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Engineered Biosynthesis of Complex Aromatic Polyketides Using Fungal Polyketide Synthase In Escherichia Coli

Wenjun Zhang, Chemical and Biomolecular Engineering, University of California at Los Angeles, 420 Westwood Plaza, 5667 Boelter Hall, Los angeles, CA 90095 and Yi Tang, Chemical and Biomolecular Engineering, University of California, Los Angeles, 420 Westwood Plaza, Los Angeles, CA 90095.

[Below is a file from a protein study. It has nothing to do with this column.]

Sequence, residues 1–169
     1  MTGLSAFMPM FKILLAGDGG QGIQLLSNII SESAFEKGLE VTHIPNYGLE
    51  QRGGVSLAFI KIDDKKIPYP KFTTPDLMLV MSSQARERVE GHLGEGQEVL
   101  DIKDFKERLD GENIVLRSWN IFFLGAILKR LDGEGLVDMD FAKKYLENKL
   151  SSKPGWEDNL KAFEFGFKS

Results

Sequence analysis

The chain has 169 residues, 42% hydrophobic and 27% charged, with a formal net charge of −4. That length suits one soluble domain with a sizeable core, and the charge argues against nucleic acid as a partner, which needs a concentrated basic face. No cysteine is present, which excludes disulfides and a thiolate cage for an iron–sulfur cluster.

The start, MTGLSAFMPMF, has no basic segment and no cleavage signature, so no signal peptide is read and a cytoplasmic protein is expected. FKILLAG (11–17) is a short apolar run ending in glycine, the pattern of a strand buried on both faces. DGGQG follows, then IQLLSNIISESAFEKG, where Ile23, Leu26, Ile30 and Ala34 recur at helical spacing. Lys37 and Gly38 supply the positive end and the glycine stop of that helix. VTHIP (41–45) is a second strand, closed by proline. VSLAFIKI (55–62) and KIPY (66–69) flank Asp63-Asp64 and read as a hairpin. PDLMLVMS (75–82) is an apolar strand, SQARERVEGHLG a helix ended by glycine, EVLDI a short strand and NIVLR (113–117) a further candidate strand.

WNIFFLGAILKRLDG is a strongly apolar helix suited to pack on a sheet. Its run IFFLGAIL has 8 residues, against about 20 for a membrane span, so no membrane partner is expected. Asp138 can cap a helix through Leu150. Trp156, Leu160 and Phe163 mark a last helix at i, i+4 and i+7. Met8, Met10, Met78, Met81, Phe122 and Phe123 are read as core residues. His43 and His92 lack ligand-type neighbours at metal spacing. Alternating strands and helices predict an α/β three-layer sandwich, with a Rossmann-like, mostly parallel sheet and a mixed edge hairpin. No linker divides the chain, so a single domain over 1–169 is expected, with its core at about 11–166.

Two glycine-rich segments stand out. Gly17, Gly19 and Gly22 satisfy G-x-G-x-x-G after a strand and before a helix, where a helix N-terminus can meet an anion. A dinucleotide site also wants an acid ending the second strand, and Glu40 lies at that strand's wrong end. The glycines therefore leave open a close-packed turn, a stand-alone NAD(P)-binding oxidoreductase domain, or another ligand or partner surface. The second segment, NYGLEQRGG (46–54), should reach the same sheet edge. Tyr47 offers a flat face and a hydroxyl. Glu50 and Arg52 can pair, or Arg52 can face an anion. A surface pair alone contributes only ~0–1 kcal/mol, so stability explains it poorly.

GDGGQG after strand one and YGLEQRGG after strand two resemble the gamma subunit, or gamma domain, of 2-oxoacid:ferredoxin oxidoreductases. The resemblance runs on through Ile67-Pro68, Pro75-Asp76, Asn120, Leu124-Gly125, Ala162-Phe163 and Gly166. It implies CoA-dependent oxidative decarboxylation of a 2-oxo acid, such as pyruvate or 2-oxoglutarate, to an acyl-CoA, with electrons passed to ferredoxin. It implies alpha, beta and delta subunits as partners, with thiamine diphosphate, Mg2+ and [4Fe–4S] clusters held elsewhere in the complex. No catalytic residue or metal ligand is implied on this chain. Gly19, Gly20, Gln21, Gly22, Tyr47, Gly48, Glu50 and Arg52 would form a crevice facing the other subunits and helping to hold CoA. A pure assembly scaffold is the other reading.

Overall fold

Bacterial aromatic polyketides are a family of structurally diverse natural products with important pharmaceutical and agricultural applications, including antibiotics tetracyclines and anticancer agents doxorubicin, etc. Since most natural polyketide-producing organisms are slow-growing and/or genetically intractable, it is desirable to transfer polyketide biosynthetic pathways to a more robust host such as Escherichia coli (E. coli) for pathway engineering and product isolation. While E. coli has been recently metabolically engineered to produce simple monocyclic or bicyclic compounds, complex aromatic polyketides have not been synthesized by E. coli largely due to the fact that the responsible type II minimal polyketide synthase (PKS) cannot be functionally expressed in E. coli. In this work, the biosynthetic potential of fungal PKS4 from Gibberella fujikuroi will be explored for combinatorial biosynthesis of bacterial aromatic polyketides in E. coli. Using a catalytic platform that employs a reengineered PKS4 and tailoring enzymes, we demonstrate the biosynthesis of complex aromatic polyketides in E. coli for the first time.